"So, naturalists observe, a flea has smaller fleas that on him prey; and these have smaller still to bite ’em; and so proceed ad infinitum."
- Jonathan Swift

June 19, 2012

Corynosoma cetaceum

image from here
In the last post we met Acanthocephalus rhinensis - an acanthocephalan which lives a pretty normal life (for a thorny-headed worm) - it spends its adult life anchored to the intestinal wall of its eel host, absorbing the nutrient-rich slurry of the intestinal content through its body surface. Today, meet Corynosoma cetaceum - it is yet another acanthocephalan, but that's about where its similarity with A. rhinesis ends. Corynosoma cetaceum lives inside the stomach of dolphins, and it is one prickly customer. As well as having the signature thorny proboscis (see the lower right picture), its entire body is covered with a spiky coat of wickedly-sharp spines (see picture on the upper left showing spines extending well pass the proboscis) which would put a hedgehog to shame.

Whereas in other acanthocephalans the proboscis plays the main attachment role, in C. cetaceum uses its entire body to cling on. The study which forms the basis of today's post looked at differences in the spines of male and female C. cetaceum, and found a high degree of divergence between the sexes. While female worms are smaller, overall they have much longer spines than males. In fact only in females do the spines grow significantly during maturation from larva (known as a cystacanth) to adult. In contrast, the body spines of adult male C. cetaceum remains more or less the same length as they were as cystacanths.

image composed from here and here
This seems odd, because being smaller, the females are actually at less risk of being dislodged (less surface area exposed to the dragging flow of the stomach content) - so why the longer spines? One possibility raised by the researchers is that perhaps the males simply depend upon attachment mechanisms other than body spines - but compared with females, the male worms have smaller proboscis and hooks too. Alternatively (and more likely), perhaps female worms need to stay in the host for longer than the males in order to produce and release eggs. There are indirect data which indicates female C. cetaceum live longer than their male counterpart - this is inferred from what is known for other acanthocephalans, and the sex ratio of C. cetaceum populations found in the stomach of dolphins which is skewed towards having more females.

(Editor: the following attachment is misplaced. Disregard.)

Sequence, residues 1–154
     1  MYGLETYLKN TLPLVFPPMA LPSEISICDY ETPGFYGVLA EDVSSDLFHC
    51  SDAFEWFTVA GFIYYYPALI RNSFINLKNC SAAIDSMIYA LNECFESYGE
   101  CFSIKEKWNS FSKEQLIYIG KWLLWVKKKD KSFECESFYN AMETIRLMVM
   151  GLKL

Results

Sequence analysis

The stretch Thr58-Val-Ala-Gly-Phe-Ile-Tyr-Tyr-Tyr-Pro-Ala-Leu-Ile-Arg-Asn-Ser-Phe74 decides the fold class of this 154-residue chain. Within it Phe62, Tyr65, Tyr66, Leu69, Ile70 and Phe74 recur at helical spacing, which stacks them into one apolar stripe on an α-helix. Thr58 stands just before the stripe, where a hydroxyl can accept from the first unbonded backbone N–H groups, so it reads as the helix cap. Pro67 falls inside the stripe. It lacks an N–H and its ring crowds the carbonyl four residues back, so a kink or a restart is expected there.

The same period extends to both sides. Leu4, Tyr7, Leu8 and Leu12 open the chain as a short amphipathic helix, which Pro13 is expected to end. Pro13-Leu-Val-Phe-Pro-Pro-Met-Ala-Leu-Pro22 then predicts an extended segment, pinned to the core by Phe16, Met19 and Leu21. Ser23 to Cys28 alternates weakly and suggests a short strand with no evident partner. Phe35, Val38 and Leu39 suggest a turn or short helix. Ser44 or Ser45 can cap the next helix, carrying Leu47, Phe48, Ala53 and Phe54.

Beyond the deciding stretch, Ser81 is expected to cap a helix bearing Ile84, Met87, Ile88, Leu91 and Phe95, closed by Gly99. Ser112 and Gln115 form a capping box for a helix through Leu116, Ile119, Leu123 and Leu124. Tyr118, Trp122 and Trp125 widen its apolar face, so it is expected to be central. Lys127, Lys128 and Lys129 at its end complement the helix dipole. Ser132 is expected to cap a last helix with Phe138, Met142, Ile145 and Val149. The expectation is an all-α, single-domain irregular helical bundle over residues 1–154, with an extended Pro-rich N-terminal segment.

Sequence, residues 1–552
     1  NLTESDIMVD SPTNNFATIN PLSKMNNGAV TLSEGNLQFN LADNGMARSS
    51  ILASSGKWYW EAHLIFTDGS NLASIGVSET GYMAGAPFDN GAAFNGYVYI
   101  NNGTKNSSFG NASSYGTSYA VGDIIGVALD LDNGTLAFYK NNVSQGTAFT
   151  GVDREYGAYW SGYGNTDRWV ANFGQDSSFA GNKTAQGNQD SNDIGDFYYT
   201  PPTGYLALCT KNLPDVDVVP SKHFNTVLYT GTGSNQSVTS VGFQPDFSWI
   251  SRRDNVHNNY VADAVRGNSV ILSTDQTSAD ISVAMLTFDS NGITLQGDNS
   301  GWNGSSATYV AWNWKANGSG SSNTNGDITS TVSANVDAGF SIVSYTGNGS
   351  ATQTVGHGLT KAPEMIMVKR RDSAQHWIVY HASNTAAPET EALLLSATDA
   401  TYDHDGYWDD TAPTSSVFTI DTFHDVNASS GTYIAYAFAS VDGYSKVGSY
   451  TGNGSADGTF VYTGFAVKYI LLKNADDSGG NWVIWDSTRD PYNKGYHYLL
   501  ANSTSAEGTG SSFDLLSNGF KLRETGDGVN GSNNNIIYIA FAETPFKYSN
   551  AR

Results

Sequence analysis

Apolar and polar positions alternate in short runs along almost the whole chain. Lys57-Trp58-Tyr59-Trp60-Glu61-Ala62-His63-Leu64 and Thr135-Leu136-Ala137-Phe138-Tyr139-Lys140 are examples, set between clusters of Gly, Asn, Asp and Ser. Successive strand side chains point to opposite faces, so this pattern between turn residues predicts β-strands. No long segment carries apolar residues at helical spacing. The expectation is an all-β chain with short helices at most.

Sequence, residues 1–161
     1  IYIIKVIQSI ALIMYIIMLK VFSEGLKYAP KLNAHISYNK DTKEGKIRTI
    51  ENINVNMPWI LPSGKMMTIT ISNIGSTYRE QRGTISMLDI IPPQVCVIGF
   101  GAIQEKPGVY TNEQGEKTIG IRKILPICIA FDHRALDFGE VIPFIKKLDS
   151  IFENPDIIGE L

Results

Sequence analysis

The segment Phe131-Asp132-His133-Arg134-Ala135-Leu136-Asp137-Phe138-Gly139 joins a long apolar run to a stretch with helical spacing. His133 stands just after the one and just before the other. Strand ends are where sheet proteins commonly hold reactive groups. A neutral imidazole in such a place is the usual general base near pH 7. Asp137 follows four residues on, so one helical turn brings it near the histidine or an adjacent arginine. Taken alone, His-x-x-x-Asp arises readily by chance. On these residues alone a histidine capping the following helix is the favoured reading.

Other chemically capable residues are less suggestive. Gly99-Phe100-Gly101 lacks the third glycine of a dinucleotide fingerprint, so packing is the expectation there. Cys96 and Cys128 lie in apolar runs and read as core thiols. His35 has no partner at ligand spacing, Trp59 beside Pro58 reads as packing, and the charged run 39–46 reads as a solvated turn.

There are further, as yet unsolved mysteries relating to C. cetaceum. As mentioned at the start of this post, the stomach is a very different habitat to the intestine. The life of parasites living in the intestine is fairly leisurely, being bathed a steady flow of nutrient-rich slush composed of finely-digested food infused with a cocktail of the host's bodily secretions. In stark contrast, the stomach is an extremely harsh environment. It is where early stages of digestion takes place - where chunks of food are mashed up and soaked in harsh digestive juices. The content of the stomach is composed largely of chyme - an acidic mixture of partially digested food and acid which is not all that nutritious for parasites like acanthocephalans which absorb nutrients through their body surface. In addition, carnivorous marine mammals consume huge quantity of food whenever the opportunity arises; this results in unpredictable and heavy flows of food through the stomach which makes for an extremely turbulent environment that can easily dislodge any parasitic worms (see this paper).

Of all the places in the digestive tract that C. cetaceum can occupy, why has this species evolved to live in such an inhospital environment?

Hernández-Orts, J.S., Timi, J.T., Raga, J.A., García-Varela, M., Crespo, E.A. and Aznar, F.J. (2012) Patterns of trunk spine growth in two congeneric species of acanthocephalan: investment in attachment may differ between sexes and species. Parasitology 139:945-955.

P.S. Attention parasite appreciators! Both Susan and I will be attending parasitology conferences happening on our respective continents in July and we will be tweeting about them. So as if this blog isn't already enough, you can your 140 characters or less fix of parasitology goodness on Twitter - you can find me on Twitter @The_Episiarch and Susan @NYCuratrix. I will be tweeting the Australian Society for Parasitology conference 2-5 July, while Susan will be tweeting the American Society of Parasitologists conference 13-16 July. 


  1. I have another question. Why are the females smaller? Do the males compete for them in the stomach? Otherwise, what evolutionary advantage is there in a male being big?

  2. Yes, male-male competition can actually quite intense among acanthocephalans (though the details of any such competition in this species is unknown). For acanthocephalan male-male competition, see these papers:

  3. OMG! This parasite might kill me. The features has been so new to me, this is the first time that I saw something like that. My cancer treatment center is not aware of those as well.

  4. Garet this parasite will *not* kill you.
    First of all it will not even be able to reach you unless you spend a lot of time swimming in the open ocean, eating fish like sandperch from the Argentine sea.
    Secondly as stated in the post, it lives in the stomach of *dolphins* and in any case does not cause any noticeable pathology in their host.
    Thirdly, it has nothing to do with cancer or oncogenesis

  5. I think the discovery of this blog just made my day.